Date of Award


Degree Type


Degree Name

Master of Science - Natural Sciences


Chemistry and Biochemistry

First Advisor

Dr. Michael Janusa

Second Advisor

Dr. Kenneth Farrish

Third Advisor

Dr. Xiaozhen Han

Fourth Advisor

Dr. Kefa Onchoke


The concentrations of metals (Ba, Cd, Co, Cr, Cu, Mn, Ni, Pb, Sr, V, Zn) were investigated in soil and water samples collected over four different sites in the southern part of Lake Nacogdoches over one year from August 2018 through June 2019. Water samples were analyzed using the USEPA method 200.8 part 11.2 for total recoverable metals. Soil samples were analyzed using the USEPA method 3050B for total recoverable metals. Although the total concentration gives some indication of the level of contamination, it is not enough to give information on the bioavailability or mobility of the element. A modified Tessier soil sequential extraction procedure was used to determine the speciation of metals in soil samples. Thus, elements in soils are present in various physicochemical forms, which in turn influences its bioavailability. In this study, soil samples were separated into five fractions: exchangeable, adsorbed, organic bonded, carbonate, residual fraction (F1-F5). The reliability of the total metal concentration from the digestion of bulk sediment were summed and compared withthe sequential extractions of the same bulk sediment for the metal concentrations of the fractions F1–F5. High recovery rates (≥ 5 mg metal/kg soil) indicate a good reliability for majority of metals studied using the sequential extraction procedure. The metal concentrations at the ppb level were determined by using inductively coupled plasma mass spectrometry (ICP-MS). The results indicate that the water samples had Ba, Mn, and Sr at concentrations greater than 35 ppb for majority of samples. The soil samples had Ba, Co, Cr, Mn, Ni, Pb, V, and Zn at concentrations greater than 10 mg metal/kg soil for majority of samples, with Ba, Mn, and V showing the highest values (greater than 60 mg metal/ kg of soil). All metal concentration was well below the WHO and EPA drinking water standards for metals and in the typical range found in natural waters.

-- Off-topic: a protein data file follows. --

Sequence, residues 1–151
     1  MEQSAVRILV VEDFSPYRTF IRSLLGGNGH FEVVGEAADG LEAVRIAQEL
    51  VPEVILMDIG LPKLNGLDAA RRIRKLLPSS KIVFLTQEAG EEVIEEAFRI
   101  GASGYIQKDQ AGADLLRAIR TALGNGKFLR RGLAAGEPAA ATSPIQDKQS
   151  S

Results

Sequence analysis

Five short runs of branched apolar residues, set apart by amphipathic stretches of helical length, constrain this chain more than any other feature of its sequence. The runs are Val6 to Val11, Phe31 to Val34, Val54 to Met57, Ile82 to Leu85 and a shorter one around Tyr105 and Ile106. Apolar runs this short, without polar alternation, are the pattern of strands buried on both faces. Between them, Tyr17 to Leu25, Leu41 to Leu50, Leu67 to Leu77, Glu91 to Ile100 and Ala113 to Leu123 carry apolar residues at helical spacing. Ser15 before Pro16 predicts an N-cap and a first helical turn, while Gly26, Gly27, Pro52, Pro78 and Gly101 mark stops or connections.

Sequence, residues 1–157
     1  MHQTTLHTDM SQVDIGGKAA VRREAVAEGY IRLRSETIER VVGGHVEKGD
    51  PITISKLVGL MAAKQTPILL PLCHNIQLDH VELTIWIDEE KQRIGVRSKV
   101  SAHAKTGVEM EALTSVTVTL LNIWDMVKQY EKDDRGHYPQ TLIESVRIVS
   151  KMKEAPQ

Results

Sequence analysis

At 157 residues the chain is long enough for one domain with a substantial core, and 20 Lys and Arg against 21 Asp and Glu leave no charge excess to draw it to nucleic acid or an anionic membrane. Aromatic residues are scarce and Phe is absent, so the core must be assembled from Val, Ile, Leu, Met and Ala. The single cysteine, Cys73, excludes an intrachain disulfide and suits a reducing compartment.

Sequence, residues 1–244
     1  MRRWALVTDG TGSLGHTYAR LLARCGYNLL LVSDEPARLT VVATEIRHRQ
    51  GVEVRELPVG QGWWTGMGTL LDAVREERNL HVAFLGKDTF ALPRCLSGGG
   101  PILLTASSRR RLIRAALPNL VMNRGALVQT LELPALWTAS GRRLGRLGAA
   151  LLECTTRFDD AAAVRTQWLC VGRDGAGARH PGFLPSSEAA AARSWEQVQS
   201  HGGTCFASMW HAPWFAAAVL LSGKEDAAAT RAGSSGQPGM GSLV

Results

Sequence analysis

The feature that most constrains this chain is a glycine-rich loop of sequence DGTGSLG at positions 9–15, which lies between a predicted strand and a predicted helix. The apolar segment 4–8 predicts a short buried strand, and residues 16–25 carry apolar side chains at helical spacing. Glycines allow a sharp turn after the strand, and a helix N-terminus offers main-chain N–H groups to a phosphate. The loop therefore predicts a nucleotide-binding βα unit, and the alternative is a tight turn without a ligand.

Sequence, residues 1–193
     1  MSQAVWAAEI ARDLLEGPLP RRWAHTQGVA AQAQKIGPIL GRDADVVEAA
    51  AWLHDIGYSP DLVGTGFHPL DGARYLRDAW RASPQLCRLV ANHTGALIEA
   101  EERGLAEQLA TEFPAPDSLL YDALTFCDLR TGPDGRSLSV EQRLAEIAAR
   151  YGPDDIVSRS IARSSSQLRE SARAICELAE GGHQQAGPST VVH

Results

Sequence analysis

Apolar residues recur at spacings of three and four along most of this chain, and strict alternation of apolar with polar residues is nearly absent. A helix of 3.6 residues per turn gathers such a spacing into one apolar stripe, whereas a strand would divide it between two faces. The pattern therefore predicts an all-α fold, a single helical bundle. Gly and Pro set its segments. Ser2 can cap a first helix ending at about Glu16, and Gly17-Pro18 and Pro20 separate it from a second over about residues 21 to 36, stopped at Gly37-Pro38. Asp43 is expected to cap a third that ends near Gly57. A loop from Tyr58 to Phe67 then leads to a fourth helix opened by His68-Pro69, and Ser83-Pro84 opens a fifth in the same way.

Creative Commons License

Creative Commons License
This work is licensed under a Creative Commons Attribution-Noncommercial-No Derivative Works 4.0 License.



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